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Your guide to Johannesburg
All About Johannesburg
One of the largest cities in the world, Johannesburg — affectionately called Jozi or Joburg by South Africans — is going through a cultural reawakening. Sleek, new high-rise buildings are popping up constantly, and from the observation deck on the 50th floor of the Carlton Centre you can take in the city’s unique and ever-shifting skyline. In Braamfontein, Johannesburg’s oldest district, you’ll find pop-up shops, gourmet food markets, and clubs sitting side by-side. Public art is omnipresent in the hipster-friendly Maboneng Arts District, known for its up-and-coming gallery scene and craft cocktail bars set in repurposed industrial buildings.
If you’re looking for a quieter experience, hit up a cozy cafe in the suburb of Craighall, or hunt in Linden’s boutiques and shops for mid-century furniture, antiques, and crafts. Anyone who visits this city should spend some time to learn about Johannesburg’s complex history at one of the many museums, such as the Apartheid Museum or the Nelson Mandela Museum.
How do I get around Johannesburg?
Most international travelers arrive at O.R. Tambo International Airport (JNB), which is a 15-minute drive from most Johannesburg house rentals. You can rent a car at the airport. Driving might be the most direct way to navigate the city because, although Joburg is actively modernizing its infrastructure, its public transportation system is not extensive or frequent. You can take the Gautrain commuter rail express from the airport to downtown in 15 minutes; the train also runs to nearby cities like Pretoria. Dozens of bus routes connect Johannesburg’s neighborhoods, as well as plenty of taxis and ride-hailing options.
When is the best time to stay in a vacation rental in Johannesburg?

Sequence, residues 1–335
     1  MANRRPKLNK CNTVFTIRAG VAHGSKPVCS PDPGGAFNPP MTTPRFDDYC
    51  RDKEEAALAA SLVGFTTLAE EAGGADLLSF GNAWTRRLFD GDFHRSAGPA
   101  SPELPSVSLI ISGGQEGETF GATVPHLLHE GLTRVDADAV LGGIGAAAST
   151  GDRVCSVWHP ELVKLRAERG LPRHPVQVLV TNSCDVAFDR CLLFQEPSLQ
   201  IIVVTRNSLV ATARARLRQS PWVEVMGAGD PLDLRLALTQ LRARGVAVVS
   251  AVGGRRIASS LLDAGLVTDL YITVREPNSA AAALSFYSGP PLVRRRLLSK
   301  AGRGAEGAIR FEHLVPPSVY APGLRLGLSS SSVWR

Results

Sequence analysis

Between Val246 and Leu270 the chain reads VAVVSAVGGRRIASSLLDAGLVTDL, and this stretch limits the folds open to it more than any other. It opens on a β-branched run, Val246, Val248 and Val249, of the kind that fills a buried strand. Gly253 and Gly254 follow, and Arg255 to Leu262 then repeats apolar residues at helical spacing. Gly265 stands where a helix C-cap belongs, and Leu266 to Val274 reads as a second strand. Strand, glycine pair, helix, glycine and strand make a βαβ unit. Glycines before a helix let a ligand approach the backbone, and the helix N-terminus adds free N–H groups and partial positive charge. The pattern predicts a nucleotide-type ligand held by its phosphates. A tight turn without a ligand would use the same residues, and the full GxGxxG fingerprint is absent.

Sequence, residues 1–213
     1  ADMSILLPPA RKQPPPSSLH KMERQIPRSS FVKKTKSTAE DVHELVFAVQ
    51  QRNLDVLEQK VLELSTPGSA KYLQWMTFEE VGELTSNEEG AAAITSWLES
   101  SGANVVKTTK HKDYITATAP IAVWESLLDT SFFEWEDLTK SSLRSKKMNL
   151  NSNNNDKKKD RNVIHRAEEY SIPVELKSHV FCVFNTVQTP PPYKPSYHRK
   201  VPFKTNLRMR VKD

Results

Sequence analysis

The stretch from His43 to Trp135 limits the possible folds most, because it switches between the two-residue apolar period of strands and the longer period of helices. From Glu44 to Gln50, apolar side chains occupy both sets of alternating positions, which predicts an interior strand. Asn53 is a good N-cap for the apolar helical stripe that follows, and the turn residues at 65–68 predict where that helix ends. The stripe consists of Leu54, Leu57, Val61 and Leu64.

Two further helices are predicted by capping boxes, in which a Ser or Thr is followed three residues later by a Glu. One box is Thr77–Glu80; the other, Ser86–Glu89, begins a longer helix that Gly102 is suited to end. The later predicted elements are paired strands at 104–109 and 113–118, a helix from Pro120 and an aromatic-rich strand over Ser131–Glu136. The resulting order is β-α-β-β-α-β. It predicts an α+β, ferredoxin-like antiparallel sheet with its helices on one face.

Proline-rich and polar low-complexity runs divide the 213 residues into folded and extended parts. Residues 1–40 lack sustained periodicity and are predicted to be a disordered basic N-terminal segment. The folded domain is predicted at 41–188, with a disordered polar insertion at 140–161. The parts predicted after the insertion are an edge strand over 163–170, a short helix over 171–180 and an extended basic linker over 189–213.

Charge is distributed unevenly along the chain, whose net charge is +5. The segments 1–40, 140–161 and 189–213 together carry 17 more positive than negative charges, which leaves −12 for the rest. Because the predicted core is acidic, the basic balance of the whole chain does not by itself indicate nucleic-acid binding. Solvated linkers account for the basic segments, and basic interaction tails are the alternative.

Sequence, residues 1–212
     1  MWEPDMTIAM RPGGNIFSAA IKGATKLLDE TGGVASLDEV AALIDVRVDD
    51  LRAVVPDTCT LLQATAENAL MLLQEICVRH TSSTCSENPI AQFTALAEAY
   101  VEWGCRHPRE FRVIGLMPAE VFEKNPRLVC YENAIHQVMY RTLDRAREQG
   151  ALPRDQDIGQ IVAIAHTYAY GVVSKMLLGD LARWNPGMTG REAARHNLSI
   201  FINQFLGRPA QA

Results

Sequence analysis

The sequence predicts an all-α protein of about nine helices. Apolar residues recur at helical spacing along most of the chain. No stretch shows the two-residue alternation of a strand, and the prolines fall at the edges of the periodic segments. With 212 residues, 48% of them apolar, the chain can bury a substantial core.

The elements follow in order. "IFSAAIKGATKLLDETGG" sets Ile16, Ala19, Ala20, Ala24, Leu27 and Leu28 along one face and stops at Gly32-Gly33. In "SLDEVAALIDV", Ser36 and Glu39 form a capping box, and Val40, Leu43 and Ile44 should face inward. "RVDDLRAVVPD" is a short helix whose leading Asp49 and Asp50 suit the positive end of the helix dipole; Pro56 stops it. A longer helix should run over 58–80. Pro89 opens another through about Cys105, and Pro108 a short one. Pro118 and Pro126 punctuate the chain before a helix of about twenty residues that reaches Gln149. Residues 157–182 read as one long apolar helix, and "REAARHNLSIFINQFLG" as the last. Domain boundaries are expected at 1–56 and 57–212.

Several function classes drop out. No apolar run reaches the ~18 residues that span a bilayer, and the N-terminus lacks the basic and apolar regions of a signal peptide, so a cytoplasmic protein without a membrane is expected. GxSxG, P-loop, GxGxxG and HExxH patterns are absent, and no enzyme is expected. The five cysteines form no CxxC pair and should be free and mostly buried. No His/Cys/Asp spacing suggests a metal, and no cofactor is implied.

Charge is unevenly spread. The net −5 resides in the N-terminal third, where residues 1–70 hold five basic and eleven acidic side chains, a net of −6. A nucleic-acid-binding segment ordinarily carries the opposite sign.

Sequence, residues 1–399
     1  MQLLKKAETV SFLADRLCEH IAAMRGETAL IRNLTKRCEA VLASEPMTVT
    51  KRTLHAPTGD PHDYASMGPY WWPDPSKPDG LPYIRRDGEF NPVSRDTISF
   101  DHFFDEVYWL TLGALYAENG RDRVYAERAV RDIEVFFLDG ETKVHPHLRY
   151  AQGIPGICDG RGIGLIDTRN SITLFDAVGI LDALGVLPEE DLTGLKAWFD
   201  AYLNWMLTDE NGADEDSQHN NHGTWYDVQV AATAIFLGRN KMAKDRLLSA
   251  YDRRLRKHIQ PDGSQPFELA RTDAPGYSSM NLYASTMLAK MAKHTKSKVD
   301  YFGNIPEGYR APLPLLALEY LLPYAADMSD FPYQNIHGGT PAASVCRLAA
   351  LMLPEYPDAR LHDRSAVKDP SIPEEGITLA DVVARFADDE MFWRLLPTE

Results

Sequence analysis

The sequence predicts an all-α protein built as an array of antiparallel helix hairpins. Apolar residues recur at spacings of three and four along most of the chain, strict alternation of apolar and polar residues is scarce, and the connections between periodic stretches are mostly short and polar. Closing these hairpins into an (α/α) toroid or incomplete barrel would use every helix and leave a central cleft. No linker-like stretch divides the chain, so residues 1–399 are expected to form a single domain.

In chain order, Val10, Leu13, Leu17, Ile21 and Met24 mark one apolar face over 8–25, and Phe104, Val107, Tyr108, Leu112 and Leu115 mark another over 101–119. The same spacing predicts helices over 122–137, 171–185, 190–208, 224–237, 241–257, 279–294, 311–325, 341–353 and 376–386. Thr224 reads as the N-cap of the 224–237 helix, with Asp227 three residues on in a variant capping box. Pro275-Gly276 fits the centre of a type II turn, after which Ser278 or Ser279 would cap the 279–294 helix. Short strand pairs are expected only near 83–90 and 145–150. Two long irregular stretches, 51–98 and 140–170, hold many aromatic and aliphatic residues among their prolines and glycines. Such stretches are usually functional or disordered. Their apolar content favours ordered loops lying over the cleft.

Visitors from the U.S. should be aware that Johannesburg’s location in the Southern Hemisphere means the seasons are opposite to what you’re used to. Winter lasts from June to August, and though the weather never gets too cold, this time of year sees the fewest visitors. The city is busiest during summer (December to February), although it also sees the most rain during this time. If you’re looking to avoid peak travel season while still enjoying good weather, spring and fall are ideal.
With the city being such a major cultural hub, there will be something going on no matter when you visit. The year kicks off with January’s Johannesburg International Mozart Festival, celebrating the composer’s birthday with a week of symphonic concerts and opera performances. In March, Hobby-X draws a wide array of craft and hobby communities.
What are the top things to do in Johannesburg?
This self-described “lifestyle market to break all markets” is held on the first Sunday of every month in the southwestern suburb of Soweto. Hyper-local artisans sell craft beer, organic food and beauty products, and hand-made designer clothes. You’ll have your pick of food trucks to choose from before enjoying some live music, a poetry reading, or simply some people watching.
Melville Koppies Reserve
With geological findings dating back three billion years, this nature reserve and City Heritage Site is the sole conserved piece of land from before the discovery of gold near here in 1884. Hiking through the reserve’s 370 acres of indigenous grasses and wildflowers, you might forget you’re in the heart of one of the biggest cities in the world — until you take in the spectacular panoramic views of Johannesburg from the top of the koppies (small hills).
Wits University Origins Centre
Located on the west campus of the University of the Witwatersrand in Braamfontein, this museum showcases the history of the region’s peoples, going back nearly 80,000 years, as well as the emergence of modern humans in southern Africa. You’ll see ancient hominid fossils, rock art and indigenous artifacts, dinosaur reconstructions, and a garden with native plants.